The European Union is faced with security challenges and risks outside and inside Europe. Recent events around the rise of the Islamic State have once more proven that external and internal security are interwoven. Yet, strategies, institutions and capacities for external and internal security remain separated. The juridical and institutional divide between the external and internal security actors hinders closer cooperation and integration. On the other hand practical cooperation between communitarian and intergovernmental institutions and agencies is growing. This raises questions about how the different actors can operate in a more integrated way in the future in order to enhance the EU in its role as a security provider.
The Netherlands Institute for International Relations Clingendael, in cooperation with the Egmont Institute, organises an afternoon seminar in two parts. The first part will be dedicated to the broad scope of the EU as a security provider and deal with issues related to what security the EU has to provide (external-internal); integrated strategy/policy; comprehensive crisis management; and the changing relationship between institutional actors and with member states. The second panel will address the impact on the defence sector with a particular focus on the consequences of the EU’s widening security, dual-use and civil-military capacities, and the relations in the triangle Commission/European Defence Agency/member states.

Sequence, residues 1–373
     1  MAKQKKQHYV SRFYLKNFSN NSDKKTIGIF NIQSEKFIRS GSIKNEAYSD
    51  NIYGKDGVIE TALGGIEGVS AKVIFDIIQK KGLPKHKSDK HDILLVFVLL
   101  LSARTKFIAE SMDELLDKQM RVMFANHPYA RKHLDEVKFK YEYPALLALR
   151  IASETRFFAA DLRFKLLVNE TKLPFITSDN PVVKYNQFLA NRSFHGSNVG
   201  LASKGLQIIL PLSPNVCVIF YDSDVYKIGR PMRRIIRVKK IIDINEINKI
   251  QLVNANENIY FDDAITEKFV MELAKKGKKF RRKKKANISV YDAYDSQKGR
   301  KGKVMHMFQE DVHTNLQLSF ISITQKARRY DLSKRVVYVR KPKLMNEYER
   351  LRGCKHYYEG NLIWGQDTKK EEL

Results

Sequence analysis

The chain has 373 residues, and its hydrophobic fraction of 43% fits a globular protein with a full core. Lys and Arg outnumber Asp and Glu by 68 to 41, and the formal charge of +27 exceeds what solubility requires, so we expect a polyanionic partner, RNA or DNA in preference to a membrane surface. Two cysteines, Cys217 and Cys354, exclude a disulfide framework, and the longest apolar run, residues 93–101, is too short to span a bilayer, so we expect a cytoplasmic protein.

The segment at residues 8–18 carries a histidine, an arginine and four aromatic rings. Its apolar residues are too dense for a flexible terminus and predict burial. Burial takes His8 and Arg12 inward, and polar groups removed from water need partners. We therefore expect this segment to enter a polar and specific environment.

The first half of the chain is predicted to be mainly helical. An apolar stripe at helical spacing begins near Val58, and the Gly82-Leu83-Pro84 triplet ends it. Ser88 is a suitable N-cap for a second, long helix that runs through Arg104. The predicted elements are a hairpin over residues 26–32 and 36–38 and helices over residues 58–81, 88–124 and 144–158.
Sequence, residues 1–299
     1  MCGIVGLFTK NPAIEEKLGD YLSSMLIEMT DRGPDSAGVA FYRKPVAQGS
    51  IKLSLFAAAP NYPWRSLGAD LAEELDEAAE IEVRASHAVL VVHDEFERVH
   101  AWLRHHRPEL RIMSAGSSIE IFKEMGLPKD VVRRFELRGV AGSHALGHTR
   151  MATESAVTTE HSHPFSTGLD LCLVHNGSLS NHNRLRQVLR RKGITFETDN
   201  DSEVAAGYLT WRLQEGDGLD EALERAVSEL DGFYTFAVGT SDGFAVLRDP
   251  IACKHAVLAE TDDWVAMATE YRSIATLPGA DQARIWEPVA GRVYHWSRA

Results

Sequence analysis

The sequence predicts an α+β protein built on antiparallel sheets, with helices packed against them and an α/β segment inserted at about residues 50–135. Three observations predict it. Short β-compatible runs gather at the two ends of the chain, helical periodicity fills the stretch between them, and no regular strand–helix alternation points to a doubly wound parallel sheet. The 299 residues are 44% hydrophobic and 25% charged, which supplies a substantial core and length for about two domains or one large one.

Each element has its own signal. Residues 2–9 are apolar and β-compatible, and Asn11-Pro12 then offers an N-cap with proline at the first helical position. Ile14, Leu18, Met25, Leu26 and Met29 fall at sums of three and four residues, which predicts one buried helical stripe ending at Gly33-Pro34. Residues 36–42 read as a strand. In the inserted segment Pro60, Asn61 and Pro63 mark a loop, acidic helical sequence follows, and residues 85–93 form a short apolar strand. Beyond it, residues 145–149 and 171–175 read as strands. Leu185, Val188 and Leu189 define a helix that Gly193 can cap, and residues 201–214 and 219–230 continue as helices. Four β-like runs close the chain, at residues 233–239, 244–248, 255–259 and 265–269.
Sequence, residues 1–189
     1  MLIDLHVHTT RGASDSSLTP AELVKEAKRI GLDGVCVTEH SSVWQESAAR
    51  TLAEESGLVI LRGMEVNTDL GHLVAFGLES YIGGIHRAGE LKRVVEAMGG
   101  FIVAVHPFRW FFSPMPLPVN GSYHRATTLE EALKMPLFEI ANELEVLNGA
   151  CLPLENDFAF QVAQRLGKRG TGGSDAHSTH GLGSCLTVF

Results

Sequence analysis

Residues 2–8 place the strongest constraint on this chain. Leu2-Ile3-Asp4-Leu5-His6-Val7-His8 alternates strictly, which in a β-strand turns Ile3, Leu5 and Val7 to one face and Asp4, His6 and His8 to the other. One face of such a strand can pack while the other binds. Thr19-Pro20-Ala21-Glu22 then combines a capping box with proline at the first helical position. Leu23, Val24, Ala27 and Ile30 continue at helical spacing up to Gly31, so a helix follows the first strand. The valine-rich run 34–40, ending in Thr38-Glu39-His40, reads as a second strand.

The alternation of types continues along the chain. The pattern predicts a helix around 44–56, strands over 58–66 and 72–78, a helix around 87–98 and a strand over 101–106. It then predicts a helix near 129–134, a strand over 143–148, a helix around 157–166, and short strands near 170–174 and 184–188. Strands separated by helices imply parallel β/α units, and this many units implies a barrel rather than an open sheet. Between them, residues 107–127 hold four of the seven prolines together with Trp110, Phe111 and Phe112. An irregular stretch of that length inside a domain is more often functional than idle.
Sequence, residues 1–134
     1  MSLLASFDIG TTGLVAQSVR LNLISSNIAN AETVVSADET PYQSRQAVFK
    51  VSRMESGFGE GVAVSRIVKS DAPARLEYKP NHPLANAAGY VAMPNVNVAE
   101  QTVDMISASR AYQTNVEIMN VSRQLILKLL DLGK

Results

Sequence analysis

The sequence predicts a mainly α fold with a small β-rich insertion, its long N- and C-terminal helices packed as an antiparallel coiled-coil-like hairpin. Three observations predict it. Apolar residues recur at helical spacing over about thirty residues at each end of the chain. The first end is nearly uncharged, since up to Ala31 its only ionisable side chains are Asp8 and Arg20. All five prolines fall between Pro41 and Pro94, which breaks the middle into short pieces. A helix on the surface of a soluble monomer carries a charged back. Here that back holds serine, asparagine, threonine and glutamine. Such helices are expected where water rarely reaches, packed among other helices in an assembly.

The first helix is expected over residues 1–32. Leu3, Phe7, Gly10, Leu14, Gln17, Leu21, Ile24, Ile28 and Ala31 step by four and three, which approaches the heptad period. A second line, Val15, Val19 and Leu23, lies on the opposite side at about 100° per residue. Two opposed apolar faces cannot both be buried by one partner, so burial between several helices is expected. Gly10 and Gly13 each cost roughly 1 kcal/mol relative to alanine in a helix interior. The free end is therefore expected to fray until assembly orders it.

Please find hereby the programme of the seminar. At the seminar Chatham House rule will apply. After registration participants will receive a Clingendael position paper which will provide food-for-thought for discussion at the seminar.